Sharing the road protocols

Not good for truckies that need to rest by law

Truck drivers are required by law to take breaks from driving. How can they take those breaks when travellers are constantly using the truck bays for their own overnight stop.
Consider the truck driver.

All too often we see caravan or motorhomes using truck parking bays.  This is not a good promotion for “Sharing the road”.  Not only can this action have a detrimental effect on relations between recreational road users such as ourselves and the professional heavy vehicle drivers out there – inconsiderate use is selfish and dangerous.  For the truck driver, it could also mean fines costing thousands of dollars, or a worse nightmare in the event of an crash.

There have been numerous social media campaigns on this subject but the message seems only to be getting though to some.  Unfortunately, those that need the education are the ones who choose to remain ignorant or somehow believe they are entitled because they have a large rig.  There are too many scenarios to cover but it all boils down to a few factors.

Before we get into the safety factors, lets briefly touch on the term “free camping”.  Free camping is not necessarily “no cost camping”.  Free camping is short for “Freedom camping – freedom of choice”.  Over the years as more people take on the concept, the term has been bastardised by some to literally mean no cost.  Something that caravan park operators have seized upon in their campaign to have free camping banned.  Free camping is also known as bush camping, freedom camping and independent camping.  Basically any form of budget camping that is independent of a structured caravan park.  Just be aware of this when you plan your trip and breaks.  Rest areas are not ‘free camps’.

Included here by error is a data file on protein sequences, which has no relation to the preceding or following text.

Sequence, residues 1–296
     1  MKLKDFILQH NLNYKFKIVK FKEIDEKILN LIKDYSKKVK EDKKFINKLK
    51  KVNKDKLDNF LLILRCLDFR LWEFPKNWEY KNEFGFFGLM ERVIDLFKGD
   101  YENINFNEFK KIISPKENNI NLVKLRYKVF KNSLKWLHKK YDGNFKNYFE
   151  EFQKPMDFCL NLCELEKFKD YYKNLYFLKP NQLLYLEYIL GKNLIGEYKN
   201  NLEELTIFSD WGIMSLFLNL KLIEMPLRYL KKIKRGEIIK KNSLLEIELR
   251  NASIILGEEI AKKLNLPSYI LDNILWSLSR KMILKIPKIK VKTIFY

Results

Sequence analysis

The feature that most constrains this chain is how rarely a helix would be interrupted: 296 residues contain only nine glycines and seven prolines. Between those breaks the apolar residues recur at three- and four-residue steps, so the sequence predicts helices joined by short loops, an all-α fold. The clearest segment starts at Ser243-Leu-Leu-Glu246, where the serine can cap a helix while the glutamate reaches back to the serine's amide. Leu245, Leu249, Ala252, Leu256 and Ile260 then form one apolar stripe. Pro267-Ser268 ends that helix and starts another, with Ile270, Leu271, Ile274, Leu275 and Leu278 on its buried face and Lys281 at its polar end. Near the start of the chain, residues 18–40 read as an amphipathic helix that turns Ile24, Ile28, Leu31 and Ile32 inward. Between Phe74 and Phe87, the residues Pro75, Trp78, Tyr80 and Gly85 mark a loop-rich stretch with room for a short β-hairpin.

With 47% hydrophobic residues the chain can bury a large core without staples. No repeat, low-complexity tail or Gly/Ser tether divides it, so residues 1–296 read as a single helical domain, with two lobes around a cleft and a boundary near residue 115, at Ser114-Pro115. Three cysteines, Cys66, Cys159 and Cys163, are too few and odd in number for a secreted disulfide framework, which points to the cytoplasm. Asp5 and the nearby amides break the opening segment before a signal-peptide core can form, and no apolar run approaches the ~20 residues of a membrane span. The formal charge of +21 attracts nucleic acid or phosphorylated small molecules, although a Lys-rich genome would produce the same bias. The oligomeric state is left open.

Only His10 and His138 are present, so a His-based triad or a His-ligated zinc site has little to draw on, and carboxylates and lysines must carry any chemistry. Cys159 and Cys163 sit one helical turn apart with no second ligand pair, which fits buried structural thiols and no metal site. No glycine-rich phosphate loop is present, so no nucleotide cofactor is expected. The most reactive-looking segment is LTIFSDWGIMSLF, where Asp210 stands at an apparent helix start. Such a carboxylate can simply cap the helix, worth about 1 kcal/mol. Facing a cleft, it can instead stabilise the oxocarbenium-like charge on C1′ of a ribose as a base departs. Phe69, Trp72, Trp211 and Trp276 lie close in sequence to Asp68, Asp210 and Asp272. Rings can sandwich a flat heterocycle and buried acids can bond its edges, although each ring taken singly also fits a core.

You are not driving a truck. Move onto a regular rest stop. Plan your travels to include breaks but plan them to allow others to take their breaks too.

You are not driving a truck. Move onto a regular rest stop. Plan your travels to include breaks but plan them to allow others to take their breaks too.

Rest areas are something else.  They’re precisely as described – a place to stop and rest.  That could mean a time limited parking spot usually defined by signage stating a time limit.  We’ve seen local council signage with rest area time limits ranging from 8 hours to 24 hours. State government Main Road authorities have regulations that also stipulate time limits which usually range from 8 to 20 hours on unsigned state controlled rest areas.  Some have separate designated sections for trucks and other vehicles.  Becoming more common in some states are dedicated truck only rest areas with a smaller vehicle and caravan rest area further up the road.  Signage indicating this fact at the truck rest area – but still, there have been caravans and motorhome, even tents set up in the truck bay!

Planning

Plan your trip well in advance.  Don’t try to finish work and set off the same afternoon thinking you can do another 6 hours drive to get to your camp spot before midnight.  The safer option is to leave early in the morning after a good sleep, rested and better prepared for a road trip.  Arriving late at night is something that will strain relations between you and other campers as you disturb the peace while you set up camp.

If you must depart after work, get a jump start by driving just a couple of hours, get to a rest area that can accommodate you, or go into a caravan park for the night – remembering to book ahead so the park operator is ready for your late arrival.

Young family travellers especially have much at stake.  Often with a shorter time span for their get-away, having to deal with peak time traffic, kid stops and a myriad of other unforeseen events that the travel gods don’t let you in on until they creep up on you.  A two hour trip, along with tempers can double in no time!   Take a close look at the trip you’re planning and keep time factors high on the agenda.  If you are planning a long trip, consider an extra day off rather than compromise on sensible and appropriate travel and rest times and places.  Tragedy and deaths happen in seconds, and there is no going back!

Attitude